“I think a lot of that comes from musicians’ ego,” he notes mildly.
And his own ego doesn’t get in the way like that?
“I like to think not.”
It’s not that he’s placid, or happy to be led along (he actually seems more of an organiser than a follower; he’s currently busy putting together promotional material for the Hillside project); it’s just that he tends to “answer to a higher power” where making music is concerned. There’s a certain “diva attitude” that can start creeping in, he explains, at which point a band’s days are numbered – but for him that’s never a factor, “it’s always been about the music. Many years ago, I was introduced as ‘This is my friend Jamie. He’s cool, he’s humble’ – and that stuck with me for years afterwards, I thought it was such a compliment”. The ‘higher power’ to which he humbly defers is, of course, music: “It’s the music, it’s all about the music. It’s all about wanting to do more music, better music, new music, different music. It’s always been about that.”
Music takes a capital ‘M’ where Jamie Paul is concerned. It’s all he’s ever done, albeit not just playing and recording (he’s also worked as a sound engineer and other techie jobs). It’s how he tends to bond with people: his best friends – both here and in Britain – are all artists and musicians and, after meeting Sancha at a street-art festival in Limassol, “like most other relationships and friendships in my life, we hit it off talking about music”. (She, like him, is a vinyl collector.) It’s how he tends to define others, thus for instance I ask about the band dynamic in The Tranceplants and he replies with a summary of musical tastes (the others were more into prog and even Zappa, “I was a bit of the oddball” being into British hip-hop like Roots Manuva). Above all, however, music – or The Music – is a power, a “magic force”, a quasi-deity, as real and majestic to him as God to a prophet.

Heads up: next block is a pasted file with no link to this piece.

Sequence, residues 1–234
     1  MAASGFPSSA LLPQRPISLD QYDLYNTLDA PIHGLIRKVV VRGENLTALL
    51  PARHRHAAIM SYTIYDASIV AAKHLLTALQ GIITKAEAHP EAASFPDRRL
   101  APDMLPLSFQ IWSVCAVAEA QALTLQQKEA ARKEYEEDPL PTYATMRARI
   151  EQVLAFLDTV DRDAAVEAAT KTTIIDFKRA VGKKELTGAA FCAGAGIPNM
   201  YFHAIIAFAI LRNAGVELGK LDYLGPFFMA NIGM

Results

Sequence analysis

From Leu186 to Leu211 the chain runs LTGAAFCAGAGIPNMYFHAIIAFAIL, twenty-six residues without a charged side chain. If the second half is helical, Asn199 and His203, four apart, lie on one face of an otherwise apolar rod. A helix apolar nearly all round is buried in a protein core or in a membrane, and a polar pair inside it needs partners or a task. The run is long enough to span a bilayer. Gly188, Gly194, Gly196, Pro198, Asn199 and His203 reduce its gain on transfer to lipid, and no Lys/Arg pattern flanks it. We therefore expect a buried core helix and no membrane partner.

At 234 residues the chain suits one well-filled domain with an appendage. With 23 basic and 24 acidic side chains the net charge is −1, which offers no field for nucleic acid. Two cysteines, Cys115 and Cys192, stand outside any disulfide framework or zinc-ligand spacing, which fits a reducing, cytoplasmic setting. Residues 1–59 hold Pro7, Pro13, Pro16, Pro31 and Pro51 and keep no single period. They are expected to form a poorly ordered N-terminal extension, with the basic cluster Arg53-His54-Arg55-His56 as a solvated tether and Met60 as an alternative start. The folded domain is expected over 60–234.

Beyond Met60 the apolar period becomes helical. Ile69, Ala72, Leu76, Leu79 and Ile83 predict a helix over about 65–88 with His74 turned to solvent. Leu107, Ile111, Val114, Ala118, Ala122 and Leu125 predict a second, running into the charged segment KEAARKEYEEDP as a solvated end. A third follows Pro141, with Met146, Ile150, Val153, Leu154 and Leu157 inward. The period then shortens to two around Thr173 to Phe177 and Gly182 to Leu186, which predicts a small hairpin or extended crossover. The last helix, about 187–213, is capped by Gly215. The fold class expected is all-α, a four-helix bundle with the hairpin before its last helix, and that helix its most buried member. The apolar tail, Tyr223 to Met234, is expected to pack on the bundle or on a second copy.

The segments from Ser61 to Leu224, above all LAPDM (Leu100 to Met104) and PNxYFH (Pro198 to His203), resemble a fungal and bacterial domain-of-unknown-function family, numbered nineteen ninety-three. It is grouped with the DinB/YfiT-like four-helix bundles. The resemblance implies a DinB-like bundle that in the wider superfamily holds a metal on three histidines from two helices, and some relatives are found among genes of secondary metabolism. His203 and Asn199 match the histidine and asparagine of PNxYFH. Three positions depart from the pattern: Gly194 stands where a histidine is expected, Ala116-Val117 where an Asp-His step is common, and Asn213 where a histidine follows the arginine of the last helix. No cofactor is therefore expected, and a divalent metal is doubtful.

“I can ramble,” laughs Jamie, which is true enough – but he waxes eloquent when it comes to discussing his vocation. We do talk a bit about other things. He and his wife live in Geroskipou, near the edge of the rock bluff at the bottom of the village (they initially lived in Sancha’s studio to save money, among the tools and machines). Jamie’s branching out into film, mostly short documentaries for other artists. Lockdown was of course bad for business, and also “a stressful time” – yet he doesn’t sound too stressed, indeed he took advantage of lockdown to hone his filmmaking skills. I suspect he’s too engrossed in creative work to be stressed about something as extraneous as Covid – just as he was too into music to ever be much of a party animal. “We weren’t really into the whole drug-nightclub-party scene,” he recalls of his teens and early 20s. “There was a lot of gigs, there was gigs all the time. We would always be either playing or going to see other bands.”